Using the thereby test as described above, indicate which of the following sen- tences express explicit performatives (EP) and which do not express explicit performatives (N) in appropriate circumstances:
1. I pledge allegiance to the flag.
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2. We pledge allegiance to the flag.
3. I pledged allegiance to the flag.
4. I always pledge allegiance at the start of a game.
5. You pledge allegiance to the flag.
6. He pledges allegiance to the flag.
7. He doesn’t pledge allegiance to the flag.
8. Pledge allegiance to the flag!
9. Why don’t you pledge allegiance to the flag?
10. Pierre is the capital of South Dakota.
11. I state that Pierre is the capital of South Dakota.
12. I order you to leave.
13. Get out of here!
14. I didn’t take it.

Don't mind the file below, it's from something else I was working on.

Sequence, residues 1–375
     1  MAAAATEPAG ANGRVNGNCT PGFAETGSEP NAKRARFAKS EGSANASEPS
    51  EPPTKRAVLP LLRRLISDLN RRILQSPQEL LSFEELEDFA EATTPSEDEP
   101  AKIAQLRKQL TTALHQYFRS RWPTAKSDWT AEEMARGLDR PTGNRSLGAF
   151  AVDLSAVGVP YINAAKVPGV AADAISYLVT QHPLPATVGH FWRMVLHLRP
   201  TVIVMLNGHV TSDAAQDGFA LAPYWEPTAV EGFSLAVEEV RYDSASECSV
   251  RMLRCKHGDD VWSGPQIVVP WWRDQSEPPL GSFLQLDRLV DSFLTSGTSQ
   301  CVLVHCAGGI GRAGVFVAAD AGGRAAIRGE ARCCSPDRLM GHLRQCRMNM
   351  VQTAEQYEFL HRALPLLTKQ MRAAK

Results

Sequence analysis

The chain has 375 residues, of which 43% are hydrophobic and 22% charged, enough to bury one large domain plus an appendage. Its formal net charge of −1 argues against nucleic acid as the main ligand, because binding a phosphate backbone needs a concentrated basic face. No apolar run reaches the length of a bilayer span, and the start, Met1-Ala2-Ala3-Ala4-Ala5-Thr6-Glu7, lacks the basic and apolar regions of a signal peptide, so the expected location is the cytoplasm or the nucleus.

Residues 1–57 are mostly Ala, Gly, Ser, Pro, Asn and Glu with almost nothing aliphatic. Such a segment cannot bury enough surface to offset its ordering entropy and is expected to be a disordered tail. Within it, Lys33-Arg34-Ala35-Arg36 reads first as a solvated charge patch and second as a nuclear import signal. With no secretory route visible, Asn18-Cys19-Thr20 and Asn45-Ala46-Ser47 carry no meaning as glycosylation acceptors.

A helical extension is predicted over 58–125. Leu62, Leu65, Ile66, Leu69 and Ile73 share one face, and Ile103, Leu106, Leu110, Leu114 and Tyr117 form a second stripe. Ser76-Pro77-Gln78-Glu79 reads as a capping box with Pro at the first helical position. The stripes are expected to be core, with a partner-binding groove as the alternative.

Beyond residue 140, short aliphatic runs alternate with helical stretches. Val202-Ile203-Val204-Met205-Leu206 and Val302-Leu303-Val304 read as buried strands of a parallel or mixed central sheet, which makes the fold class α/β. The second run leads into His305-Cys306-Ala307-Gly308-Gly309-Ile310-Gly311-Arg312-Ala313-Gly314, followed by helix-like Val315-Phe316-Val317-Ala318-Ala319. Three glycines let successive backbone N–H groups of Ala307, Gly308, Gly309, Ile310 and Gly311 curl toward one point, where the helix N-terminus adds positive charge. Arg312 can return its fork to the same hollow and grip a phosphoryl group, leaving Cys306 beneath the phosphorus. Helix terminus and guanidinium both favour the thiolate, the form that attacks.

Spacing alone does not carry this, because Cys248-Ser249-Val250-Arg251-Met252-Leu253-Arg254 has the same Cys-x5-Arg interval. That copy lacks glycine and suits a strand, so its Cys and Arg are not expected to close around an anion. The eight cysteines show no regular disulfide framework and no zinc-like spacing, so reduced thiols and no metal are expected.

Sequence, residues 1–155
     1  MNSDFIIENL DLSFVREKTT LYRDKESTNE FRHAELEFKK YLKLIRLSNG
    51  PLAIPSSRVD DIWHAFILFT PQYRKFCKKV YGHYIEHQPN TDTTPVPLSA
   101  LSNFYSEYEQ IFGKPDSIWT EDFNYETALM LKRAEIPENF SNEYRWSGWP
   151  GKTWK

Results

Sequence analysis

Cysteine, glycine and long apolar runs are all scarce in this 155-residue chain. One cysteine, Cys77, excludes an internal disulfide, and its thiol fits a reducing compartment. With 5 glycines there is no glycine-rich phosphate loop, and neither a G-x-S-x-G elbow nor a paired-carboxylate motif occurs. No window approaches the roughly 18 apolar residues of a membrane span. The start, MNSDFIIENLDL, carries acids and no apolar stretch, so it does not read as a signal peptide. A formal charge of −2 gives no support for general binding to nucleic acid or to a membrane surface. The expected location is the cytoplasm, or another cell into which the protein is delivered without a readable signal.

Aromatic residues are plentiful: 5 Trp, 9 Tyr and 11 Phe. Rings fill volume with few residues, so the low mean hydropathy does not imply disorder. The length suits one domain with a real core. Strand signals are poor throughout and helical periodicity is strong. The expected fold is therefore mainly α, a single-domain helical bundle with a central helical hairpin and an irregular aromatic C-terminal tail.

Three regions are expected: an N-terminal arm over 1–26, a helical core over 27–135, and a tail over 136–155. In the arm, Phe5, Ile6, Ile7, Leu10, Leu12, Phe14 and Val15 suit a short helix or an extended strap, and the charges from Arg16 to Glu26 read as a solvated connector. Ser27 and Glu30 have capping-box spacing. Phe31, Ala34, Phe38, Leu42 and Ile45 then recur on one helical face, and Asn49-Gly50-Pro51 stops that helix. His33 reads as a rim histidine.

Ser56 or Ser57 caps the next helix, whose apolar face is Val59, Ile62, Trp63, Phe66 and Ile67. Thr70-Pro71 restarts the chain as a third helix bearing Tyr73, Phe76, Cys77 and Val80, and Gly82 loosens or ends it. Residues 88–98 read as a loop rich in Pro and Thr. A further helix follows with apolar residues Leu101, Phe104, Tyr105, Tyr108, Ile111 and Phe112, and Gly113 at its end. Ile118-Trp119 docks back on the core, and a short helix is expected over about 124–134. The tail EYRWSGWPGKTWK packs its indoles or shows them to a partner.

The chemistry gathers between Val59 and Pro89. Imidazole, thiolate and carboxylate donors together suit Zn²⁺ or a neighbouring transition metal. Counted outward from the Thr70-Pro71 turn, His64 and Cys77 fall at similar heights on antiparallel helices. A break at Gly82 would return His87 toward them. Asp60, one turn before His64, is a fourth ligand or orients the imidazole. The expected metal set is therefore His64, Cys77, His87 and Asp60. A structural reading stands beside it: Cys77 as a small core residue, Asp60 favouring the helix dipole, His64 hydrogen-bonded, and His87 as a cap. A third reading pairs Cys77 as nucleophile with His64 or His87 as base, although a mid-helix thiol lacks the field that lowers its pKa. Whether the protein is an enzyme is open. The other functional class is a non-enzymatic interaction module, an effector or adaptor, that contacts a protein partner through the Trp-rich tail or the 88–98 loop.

15. I swear that I didn’t take it.
16. I won’t talk to you.
17. I refuse to talk to you.
18. I’m out of gas.
19. I feel devastated.
21. I claim this land for England.
22. I bring you greetings from home.
Here the same linguistic act, uttering the word “yes,” is used to do four dif- ferent things: to state something, to make a promise, to take an oath, and to refuse to do something.
We can make this idea of a speech act clearer by using the notion of an ex- plicit performative. Explicit performatives provide a systematic way of identify- ing different kinds of speech acts. The basic idea is that different speech acts are named by the different verbs that occur in explicit performatives. We can thus use the thereby test to search for different kinds of speech acts.